Tales from the Net

a work in progress

Monday, January 14, 2008

Marc Andreessen on adult content and porn on Ning

Marc Andreessen, originally of Mozilla/Netscape fame and now at Ning.com, has a lengthy blog post up on Porn, Ning, and the Internet.  The context here is suggestions that a large part of Ning’s traffic is from adult content; since Penthouse just spent $500 million acquiring a set of adult content-focused social networking sites including Adult Friend Finder, this wouldn’t be completely surprising.

Although he disputes the numbers (“adult topics and content are a relatively small percentage of the total activity on Ning”) and warns in general that reported numbers are often misleading (“I’m talking about Compete, Quantcast, Alexa, and even Comscore — none of their data maps in any way to numbers or patterns we see in our own server logs and activity metrics”),  Andreessen isn’t apologetic about the presence of porn and adult content on Ning.  In fact, he draws a hard line about why Ning doesn’t attempt to eliminate or restrict legal porn and adult content:

“In a nutshell, we aren’t pro-porn, but we are pro-freedom.”

However, he’s also very conscious that any social network platform like Ning needs to support the people who don’t want to deal with content that that find objectionable:

Social networks on Ning are segmented by definition — and networks can be configured to be totally self-contained, so you don’t see any content or users outside of your network.

You can use Ning safely for many purposes without ever being exposed to any potentially offensive content.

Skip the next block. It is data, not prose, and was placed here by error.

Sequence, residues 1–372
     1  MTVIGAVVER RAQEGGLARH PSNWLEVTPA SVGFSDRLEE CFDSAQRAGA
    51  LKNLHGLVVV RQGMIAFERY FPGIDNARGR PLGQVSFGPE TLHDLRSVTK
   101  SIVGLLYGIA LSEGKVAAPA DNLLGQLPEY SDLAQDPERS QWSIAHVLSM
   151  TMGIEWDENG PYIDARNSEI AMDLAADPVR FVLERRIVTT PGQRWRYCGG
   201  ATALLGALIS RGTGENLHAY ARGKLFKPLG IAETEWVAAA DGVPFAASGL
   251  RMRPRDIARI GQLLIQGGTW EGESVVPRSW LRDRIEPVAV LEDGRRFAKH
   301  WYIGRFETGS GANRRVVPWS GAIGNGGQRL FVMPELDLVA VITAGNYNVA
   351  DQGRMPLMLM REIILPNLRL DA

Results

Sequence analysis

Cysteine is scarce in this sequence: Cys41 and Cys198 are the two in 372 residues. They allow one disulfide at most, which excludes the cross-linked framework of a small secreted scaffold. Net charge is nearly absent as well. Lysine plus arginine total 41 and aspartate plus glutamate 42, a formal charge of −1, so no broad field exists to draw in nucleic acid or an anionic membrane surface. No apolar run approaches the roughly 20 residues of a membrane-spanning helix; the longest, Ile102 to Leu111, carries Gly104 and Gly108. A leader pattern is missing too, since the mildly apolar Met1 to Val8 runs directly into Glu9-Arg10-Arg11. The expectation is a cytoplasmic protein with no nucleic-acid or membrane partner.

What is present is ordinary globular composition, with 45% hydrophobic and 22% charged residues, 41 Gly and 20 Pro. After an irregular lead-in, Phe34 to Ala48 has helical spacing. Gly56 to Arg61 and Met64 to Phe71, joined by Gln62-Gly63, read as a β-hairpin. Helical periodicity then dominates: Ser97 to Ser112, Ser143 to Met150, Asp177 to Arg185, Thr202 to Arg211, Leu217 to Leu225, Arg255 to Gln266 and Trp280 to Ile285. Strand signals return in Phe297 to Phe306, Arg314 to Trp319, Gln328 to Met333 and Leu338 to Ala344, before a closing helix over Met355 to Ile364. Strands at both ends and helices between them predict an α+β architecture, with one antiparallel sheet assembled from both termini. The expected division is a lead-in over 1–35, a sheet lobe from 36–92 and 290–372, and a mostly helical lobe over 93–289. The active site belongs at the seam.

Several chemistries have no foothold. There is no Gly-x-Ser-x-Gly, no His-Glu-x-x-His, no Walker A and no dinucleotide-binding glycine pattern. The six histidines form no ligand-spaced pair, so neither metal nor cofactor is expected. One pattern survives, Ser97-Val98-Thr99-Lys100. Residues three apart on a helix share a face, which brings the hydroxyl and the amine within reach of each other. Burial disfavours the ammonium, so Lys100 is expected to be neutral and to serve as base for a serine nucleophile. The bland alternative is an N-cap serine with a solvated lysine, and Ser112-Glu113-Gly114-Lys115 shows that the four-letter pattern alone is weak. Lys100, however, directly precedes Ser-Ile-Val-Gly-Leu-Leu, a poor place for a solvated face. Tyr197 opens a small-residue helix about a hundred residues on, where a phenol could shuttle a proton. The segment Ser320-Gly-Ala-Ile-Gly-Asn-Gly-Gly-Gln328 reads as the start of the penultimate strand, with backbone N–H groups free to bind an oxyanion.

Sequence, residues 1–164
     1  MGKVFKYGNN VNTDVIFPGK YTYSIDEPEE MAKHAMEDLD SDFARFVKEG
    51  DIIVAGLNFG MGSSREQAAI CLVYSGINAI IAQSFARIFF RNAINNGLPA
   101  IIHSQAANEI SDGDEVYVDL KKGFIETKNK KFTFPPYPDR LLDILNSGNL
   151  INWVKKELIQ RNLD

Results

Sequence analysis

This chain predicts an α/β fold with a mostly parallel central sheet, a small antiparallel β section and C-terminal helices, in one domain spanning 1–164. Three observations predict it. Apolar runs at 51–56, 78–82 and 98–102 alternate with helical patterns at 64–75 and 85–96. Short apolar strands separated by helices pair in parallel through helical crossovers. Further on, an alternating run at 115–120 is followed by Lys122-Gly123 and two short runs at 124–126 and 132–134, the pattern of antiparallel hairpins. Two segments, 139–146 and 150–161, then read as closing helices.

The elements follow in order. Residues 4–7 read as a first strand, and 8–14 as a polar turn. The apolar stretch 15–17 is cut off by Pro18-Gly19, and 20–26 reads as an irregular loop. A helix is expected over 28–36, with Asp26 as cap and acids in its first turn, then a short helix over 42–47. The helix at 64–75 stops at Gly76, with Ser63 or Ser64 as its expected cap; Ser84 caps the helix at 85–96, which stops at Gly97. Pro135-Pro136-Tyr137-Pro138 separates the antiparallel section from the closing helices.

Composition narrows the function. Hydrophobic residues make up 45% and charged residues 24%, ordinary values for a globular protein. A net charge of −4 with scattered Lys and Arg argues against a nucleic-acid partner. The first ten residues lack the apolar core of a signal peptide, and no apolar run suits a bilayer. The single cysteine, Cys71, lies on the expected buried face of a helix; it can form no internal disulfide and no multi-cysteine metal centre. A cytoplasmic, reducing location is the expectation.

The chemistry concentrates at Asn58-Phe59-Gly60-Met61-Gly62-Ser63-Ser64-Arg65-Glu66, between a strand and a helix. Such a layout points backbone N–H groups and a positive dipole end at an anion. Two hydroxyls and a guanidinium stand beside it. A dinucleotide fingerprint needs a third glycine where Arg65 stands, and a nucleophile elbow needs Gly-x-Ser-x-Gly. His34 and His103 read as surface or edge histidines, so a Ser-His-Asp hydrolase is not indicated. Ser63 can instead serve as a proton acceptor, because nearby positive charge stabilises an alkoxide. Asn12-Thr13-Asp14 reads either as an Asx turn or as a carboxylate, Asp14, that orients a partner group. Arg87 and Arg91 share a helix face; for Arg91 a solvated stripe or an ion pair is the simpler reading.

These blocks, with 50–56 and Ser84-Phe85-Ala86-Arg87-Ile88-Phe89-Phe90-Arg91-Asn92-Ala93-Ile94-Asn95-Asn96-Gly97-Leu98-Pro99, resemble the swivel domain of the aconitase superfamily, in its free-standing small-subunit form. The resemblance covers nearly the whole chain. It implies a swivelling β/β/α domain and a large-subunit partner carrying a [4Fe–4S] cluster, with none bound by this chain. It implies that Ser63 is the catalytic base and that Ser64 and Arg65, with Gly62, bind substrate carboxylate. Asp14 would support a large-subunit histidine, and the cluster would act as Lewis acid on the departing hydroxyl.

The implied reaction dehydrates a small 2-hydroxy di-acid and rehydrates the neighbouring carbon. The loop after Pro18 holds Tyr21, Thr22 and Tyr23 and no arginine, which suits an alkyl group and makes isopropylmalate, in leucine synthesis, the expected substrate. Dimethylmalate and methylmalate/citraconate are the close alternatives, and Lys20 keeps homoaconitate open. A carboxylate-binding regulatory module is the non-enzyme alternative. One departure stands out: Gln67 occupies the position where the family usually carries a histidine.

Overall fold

He ends by looking at how different internet companies have responded to porn, contrasting what he sees as the relatively balanced approach of some companies with the “much more activist — or harsher, depending on your point of view” approach of YouTube and Facebook:

I think both approaches — agnosticism and zero-tolerance — can work to build a business. We’re very comfortable with the approach we have chosen, because we find it comfortable to be on the side of relative openness and freedom, along with AOL, Yahoo, and Google.

Of course, it’s a lot easier to take this stance in the current climate where the 2257 regs (which have very onerous requirements on web sites which host content that could be considered adult) aren’t being actively enforced.  Still, it’s a strong statement that Andreessen is willing to be so explicit about Ning’s stance, rather than take the “let’s not talk about it” approach that AOL and Yahoo prefer.

posted by Jon at 3:13 pm  

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